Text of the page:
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Ethics [With Accents]

Ethics [With Accents]

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Ethics [with accents]
The Project Gutenberg EBook of Ethics, by Aristotle #5 in our series by AristotleCopyright laws are changing all over the world. Be sure to check the copyright laws for your country beforedownloading or redistributing this or any other Project Gutenberg eBook.This header should be the first thing seen when viewing this Project Gutenberg file. Please do not remove it.Do not change or edit the header without written permission.Please read the "legal small print," and other information about the eBook and Project Gutenberg at thebottom of this file. Included is important information about your specific rights and restrictions in how the filemay be used. You can also find out about how to make a donation to Project Gutenberg, and how to getinvolved.
**Welcome To The World of Free Plain Vanilla Electronic Texts**
**eBooks Readable By Both Humans and By Computers, Since 1971*******These eBooks Were Prepared By Thousands of Volunteers!*****Title: EthicsAuthor: AristotleRelease Date: July, 2005 [EBook #8438] [Yes, we are more than one year ahead of schedule] [This file wasfirst posted on July 10, 2003]Edition: 10Language: EnglishCharacter set encoding: ISO−Latin−1*** START OF THE PROJECT GUTENBERG EBOOK ETHICS ***Produced by Ted Garvin, David Widger and the DP TeamTHE ETHICS OF ARISTOTLEINTRODUCTIONThe
 Ethics
 of Aristotle is one half of a single treatise of which his
 Politics
 is the other half. Both deal with oneand the same subject. This subject is what Aristotle calls in one place the "philosophy of human affairs;" butmore frequently Political or Social Science. In the two works taken together we have their author's wholetheory of human conduct or practical activity, that is, of all human activity which is not directed merely toknowledge or truth. The two parts of this treatise are mutually complementary, but in a literary sense each isindependent and self−contained. The proem to the
 Ethics
 is an introduction to the whole subject, not merely tothe first part; the last chapter of the
 Ethics
 points forward to the _Politics_, and sketches for that part of thetreatise the order of enquiry to be pursued (an order which in the actual treatise is not adhered to).
Ethics [with accents]1
 
The principle of distribution of the subject−matter between the two works is far from obvious, and has beenmuch debated. Not much can be gathered from their titles, which in any case were not given to them by theirauthor. Nor do these titles suggest any very compact unity in the works to which they are applied: the pluralforms, which survive so oddly in English (Ethic_s_, Politic_s_), were intended to indicate the treatmentwithin a single work of a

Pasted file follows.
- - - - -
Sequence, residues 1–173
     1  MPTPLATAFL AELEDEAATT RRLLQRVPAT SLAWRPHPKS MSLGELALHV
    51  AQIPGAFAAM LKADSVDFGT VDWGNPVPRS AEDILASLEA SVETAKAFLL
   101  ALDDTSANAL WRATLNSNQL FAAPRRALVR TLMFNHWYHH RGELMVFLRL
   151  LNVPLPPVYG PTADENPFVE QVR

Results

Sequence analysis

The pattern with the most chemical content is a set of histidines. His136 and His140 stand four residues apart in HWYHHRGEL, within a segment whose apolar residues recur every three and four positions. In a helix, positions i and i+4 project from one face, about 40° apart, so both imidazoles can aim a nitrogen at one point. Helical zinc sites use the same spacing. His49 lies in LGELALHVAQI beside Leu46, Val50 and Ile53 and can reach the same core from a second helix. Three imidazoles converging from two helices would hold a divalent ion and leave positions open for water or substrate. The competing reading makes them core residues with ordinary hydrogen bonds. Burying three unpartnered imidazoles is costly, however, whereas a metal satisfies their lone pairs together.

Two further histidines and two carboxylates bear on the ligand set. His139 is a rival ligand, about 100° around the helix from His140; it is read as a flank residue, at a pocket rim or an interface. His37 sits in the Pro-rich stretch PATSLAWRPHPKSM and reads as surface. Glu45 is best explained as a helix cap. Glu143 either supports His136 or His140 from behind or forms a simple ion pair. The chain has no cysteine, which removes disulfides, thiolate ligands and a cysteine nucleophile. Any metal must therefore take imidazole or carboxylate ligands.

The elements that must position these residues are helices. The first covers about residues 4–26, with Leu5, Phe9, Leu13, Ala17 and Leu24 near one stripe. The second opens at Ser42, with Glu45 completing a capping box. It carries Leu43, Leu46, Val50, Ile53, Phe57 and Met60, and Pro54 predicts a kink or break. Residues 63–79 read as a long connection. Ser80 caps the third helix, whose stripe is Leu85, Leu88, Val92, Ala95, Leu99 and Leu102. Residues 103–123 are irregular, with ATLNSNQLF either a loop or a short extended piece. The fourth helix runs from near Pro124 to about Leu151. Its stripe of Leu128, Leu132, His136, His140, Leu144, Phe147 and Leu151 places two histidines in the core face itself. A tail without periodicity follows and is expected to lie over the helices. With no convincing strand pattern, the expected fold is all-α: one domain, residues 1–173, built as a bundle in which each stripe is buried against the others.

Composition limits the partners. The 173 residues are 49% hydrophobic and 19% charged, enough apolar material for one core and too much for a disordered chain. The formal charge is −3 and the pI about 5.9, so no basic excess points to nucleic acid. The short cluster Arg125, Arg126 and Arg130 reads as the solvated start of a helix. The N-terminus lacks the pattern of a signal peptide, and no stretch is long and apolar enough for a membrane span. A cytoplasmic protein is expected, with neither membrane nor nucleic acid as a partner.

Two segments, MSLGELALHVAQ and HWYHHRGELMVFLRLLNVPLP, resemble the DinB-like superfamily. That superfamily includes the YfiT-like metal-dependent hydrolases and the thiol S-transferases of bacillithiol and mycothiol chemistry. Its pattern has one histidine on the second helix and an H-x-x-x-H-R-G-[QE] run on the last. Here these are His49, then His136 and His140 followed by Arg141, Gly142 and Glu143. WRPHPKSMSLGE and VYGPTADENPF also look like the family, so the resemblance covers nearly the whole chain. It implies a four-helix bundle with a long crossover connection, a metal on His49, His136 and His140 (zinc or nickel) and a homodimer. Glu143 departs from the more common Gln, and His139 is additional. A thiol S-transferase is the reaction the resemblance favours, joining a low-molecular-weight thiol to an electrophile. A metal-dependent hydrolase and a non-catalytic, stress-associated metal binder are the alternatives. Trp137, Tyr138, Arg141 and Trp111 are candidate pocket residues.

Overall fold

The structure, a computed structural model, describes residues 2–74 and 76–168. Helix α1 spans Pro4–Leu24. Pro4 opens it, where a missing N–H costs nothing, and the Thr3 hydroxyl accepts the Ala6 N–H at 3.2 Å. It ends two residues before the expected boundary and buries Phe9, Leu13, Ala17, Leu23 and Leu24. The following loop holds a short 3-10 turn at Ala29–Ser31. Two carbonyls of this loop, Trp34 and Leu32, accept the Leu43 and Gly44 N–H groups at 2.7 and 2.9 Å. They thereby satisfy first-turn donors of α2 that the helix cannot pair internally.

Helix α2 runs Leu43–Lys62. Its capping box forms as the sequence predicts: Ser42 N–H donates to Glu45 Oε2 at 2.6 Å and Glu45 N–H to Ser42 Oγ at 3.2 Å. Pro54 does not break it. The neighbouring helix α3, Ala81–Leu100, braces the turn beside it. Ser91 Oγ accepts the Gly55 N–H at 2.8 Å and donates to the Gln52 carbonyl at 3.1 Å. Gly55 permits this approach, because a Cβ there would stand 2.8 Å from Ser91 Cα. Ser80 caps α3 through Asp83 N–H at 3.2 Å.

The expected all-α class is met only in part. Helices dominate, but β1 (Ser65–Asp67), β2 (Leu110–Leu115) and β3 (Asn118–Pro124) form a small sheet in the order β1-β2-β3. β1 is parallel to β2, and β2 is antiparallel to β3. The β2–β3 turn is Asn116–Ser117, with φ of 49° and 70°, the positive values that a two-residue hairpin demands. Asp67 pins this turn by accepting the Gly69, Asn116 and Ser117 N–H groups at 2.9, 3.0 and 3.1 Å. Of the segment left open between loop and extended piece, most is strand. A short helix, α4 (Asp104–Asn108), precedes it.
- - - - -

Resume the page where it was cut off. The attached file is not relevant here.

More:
group
 of connected questions. The unity of the first group arises from their centringround the topic of character, that of the second from their connection with the existence and life of the city orstate. We have thus to regard the
 Ethics
 as dealing with one group of problems and the
 Politics
 with a second,both falling within the wide compass of Political Science. Each of these groups falls into sub−groups whichroughly correspond to the several books in each work. The tendency to take up one by one the variousproblems which had suggested themselves in the wide field obscures both the unity of the subject−matter andits proper articulation. But it is to be remembered that what is offered us is avowedly rather an enquiry than anexposition of hard and fast doctrine.Nevertheless each work aims at a relative completeness, and it is important to observe the relation of each tothe other. The distinction is not that the one treats of Moral and the other of Political Philosophy, nor againthat the one deals with the moral activity of the individual and the other with that of the State, nor once morethat the one gives us the theory of human conduct, while the other discusses its application in practice, thoughnot all of these misinterpretations are equally erroneous. The clue to the right interpretation is given byAristotle himself, where in the last chapter of the
 Ethics
 he is paving the way for the
 Politics
. In the
 Ethics
 hehas not confined himself to the abstract or isolated individual, but has always thought of him, or we might say,in his social and political context, with a given nature due to race and heredity and in certain surroundings. Soviewing him he has studied the nature and formation of his character−−all that he can make himself or bemade by others to be. Especially he has investigated the various admirable forms of human character and themode of their production. But all this, though it brings more clearly before us what goodness or virtue is, andhow it is to be reached, remains mere theory or talk. By itself it does not enable us to become, or to helpothers to become, good. For this it is necessary to bring into play the great force of the Political Community orState, of which the main instrument is Law. Hence arises the demand for the necessary complement to the_Ethics, i.e._, a treatise devoted to the questions which centre round the enquiry; by what organisation of social or political forces, by what laws or institutions can we best secure the greatest amount of goodcharacter?We must, however, remember that the production of good character is not the end of either individual or stateaction: that is the aim of the one and the other because good character is the indispensable condition and chief determinant of happiness, itself the goal of all human doing. The end of all action, individual or collective, isthe greatest happiness of the greatest number. There is, Aristotle insists, no difference of kind between thegood of one and the good of many or all. The sole difference is one of amount or scale. This does not meansimply that the State exists to secure in larger measure the objects of degree which the isolated individualattempts, but is too feeble, to secure without it. On the contrary, it rather insists that whatever goods societyalone enables a man to secure have always had to the individual−−whether he realised it or not−−the valuewhich, when so secured, he recognises them to possess. The best and happiest life for the individual is thatwhich the State renders possible, and this it does mainly by revealing to him the value of new objects of desireand educating him to appreciate them. To Aristotle or to Plato the State is, above all, a large and powerfuleducative agency which gives the individual increased opportunities of self−development and greatercapacities for the enjoyment of life.Looking forward, then, to the life of the State as that which aids support, and combines the efforts of theindividual to obtain happiness, Aristotle draws no hard and fast distinction between the spheres of action of Man as individual and Man as citizen. Nor does the division of his discussion into the